Push Down Leveling

Decorating By chrisviz Updated 7 Jun 2011 , 8:07pm by sebrina

chrisviz Posted 5 Jun 2011 , 8:51pm
post #1 of 10

Seeing how many people do the "push-down" levelling method on a survey forum post leads me to a question. Whenever I over fill my pans to have the cake rise above the top, the top edges get a bit crusty... how does it work/taste if you push that down into the cake?

Thanks for any imput!

9 replies
labmom Posted 6 Jun 2011 , 4:11am
post #2 of 10

I don't normaly do the push down method. Unless I have a filling or worried about a bulge in the cake. I still level the cake as best I can without using those horrible wilton things. I have the professional abgay (spelling) one at the shop that we closed but It was one of the things that my partner who started the business wanted when we closed it.

I can have everything else in the shop but she won't give up that leveler...

I just don't trust the push down method....I keep my level on the back splash of my counter.

scp1127 Posted 6 Jun 2011 , 4:45am
post #3 of 10

I agree labmom. I try to get my cakes level during baking with proper prep. Then I cut what I need. I've never had this happen because I read this here... if your cake is not level and you turn it upside down as a layer, the middle will push the icing out causing a buldge.

I do level every layer with a cake board as I fill. I push to level, but it is so slight.

chrisviz Posted 6 Jun 2011 , 8:24pm
post #4 of 10

Thanks everyone... btw... my husband just made me a "home-made" version of an Agbay...did a trial run on a test cake...seems to work pretty good.. but the real test will be in a couple days when I start putting together a three tier cake I am making a friend. Fingers crossed! icon_smile.gif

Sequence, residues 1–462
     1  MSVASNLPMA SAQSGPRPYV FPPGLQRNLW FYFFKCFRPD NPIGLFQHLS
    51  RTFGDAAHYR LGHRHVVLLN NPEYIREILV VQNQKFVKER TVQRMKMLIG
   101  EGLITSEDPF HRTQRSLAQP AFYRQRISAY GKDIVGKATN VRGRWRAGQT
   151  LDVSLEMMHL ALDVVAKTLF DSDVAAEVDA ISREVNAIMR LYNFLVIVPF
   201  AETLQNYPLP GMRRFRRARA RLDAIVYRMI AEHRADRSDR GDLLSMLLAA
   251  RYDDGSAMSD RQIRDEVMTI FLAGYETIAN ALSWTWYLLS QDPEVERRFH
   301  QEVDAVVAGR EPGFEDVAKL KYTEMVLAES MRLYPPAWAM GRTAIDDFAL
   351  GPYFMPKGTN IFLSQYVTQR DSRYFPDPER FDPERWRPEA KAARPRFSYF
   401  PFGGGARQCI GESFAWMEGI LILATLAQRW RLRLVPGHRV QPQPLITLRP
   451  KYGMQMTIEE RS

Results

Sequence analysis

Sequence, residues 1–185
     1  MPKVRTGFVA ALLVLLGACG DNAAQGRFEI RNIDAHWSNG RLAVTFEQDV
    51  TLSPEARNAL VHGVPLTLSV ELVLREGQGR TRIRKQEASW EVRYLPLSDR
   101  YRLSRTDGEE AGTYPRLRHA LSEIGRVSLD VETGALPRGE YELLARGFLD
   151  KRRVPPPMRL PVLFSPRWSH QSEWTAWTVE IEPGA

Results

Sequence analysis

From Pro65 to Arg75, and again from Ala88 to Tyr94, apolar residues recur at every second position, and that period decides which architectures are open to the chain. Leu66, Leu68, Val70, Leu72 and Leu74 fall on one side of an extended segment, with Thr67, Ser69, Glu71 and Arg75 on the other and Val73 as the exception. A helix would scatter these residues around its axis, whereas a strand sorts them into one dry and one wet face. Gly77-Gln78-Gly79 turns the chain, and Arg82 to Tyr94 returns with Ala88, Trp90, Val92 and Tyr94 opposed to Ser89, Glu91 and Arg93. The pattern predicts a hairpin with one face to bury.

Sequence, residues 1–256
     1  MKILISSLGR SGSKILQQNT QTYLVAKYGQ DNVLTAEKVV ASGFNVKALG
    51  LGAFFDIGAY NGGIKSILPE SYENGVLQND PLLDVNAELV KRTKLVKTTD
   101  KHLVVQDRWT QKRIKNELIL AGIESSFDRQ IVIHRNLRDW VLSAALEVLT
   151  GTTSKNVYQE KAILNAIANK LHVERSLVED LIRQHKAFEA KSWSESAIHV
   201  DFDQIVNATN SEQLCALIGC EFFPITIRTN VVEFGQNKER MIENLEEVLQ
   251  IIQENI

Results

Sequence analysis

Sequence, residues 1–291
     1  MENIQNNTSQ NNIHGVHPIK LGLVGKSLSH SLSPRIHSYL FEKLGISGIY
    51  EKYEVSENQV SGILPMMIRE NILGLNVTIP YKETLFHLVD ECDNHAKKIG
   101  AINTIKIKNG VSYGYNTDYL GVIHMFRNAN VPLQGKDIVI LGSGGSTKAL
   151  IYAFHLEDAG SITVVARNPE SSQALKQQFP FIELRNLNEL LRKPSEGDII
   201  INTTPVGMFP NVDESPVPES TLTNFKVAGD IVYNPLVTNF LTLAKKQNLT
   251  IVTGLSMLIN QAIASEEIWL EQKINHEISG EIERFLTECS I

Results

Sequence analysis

kakeladi Posted 6 Jun 2011 , 8:55pm
post #5 of 10

Noone really gave you the exact way to do this method.
When a cake comes out of the oven, put something flat like a cookie sheet on top of the cake while it is still in the pan and push down on the sheet. Sone use a clean kitchen cloth/towel but the sheet workes better.

But my method is even better icon_smile.gif Learning exactly how much batter is needed in each pan and baking at lower temps yields a moist, almost perfectly flat cake that doesn't need any 'fine tuning' icon_smile.gif
I have done this for more than 30 yrs. Sometimes I use wet wraps (baking strips) sometimes not.
I don't have 'cake scraps' because I don't have to level my cakes. I'm not saying it is *perfect!* each and every time, but more than 99.5% icon_smile.gif

chrisviz Posted 6 Jun 2011 , 9:00pm
post #6 of 10

Thanks Kakeladi! Maybe I will give it a try for giggles. I try to bake lower too, but I havent master the art of the right amount of batter consistantly. icon_smile.gif

Thanks for the help!

lulu53 Posted 7 Jun 2011 , 3:06am
post #7 of 10

I agree with kakeladi!!! ( : I struggled and struggled w/ getting the cakes level..........whether it was a serrated knife, Wilton cake leveler or dental floss. I just couldn't get them level. And, then I read about baking your cakes at a lower temp.......in my case I bake ALL my cakes in every size @ 300 degrees. It may not be perfectly level every single time. But, I can say they are 9 out of 10 times. And, when they're not, it's just a little bubble on top and much much easier to cut straight off than before.

I usually do a 3 layer w/ 2 layers of filling. I like them to be at least 4 inches tall finished. So, I now make 3 cakes from my batter and fill the pan approx. 1/3 full.....bake at 300 degrees and I have 3 perfectly flat layers with no torting!

Hope this might help.....good luck! ( :

chrisviz Posted 7 Jun 2011 , 7:31pm
post #8 of 10

Thanks lulu53.. I have never baked mine as low as 300...just 325... I will try that next time. Thanks for all your help! icon_smile.gif

cherrycakes Posted 7 Jun 2011 , 7:44pm
post #9 of 10
Quote:
Originally Posted by chrisviz

Thanks Kakeladi! Maybe I will give it a try for giggles. I try to bake lower too, but I havent master the art of the right amount of batter consistantly. icon_smile.gif

Thanks for the help!




I use a digital scale and weigh my cake batter. I pour it directly into the pan so it's very clean and gives me the exact amount of batter in each pan. I figured out how much a cup of batter weighs and then go by the Wilton chart for amounts.

sebrina Posted 7 Jun 2011 , 8:07pm
post #10 of 10
Quote:
Originally Posted by chrisviz

Thanks everyone... btw... my husband just made me a "home-made" version of an Agbay...did a trial run on a test cake...seems to work pretty good.. but the real test will be in a couple days when I start putting together a three tier cake I am making a friend. Fingers crossed! icon_smile.gif




OMGsh! Would you please share how he did it?

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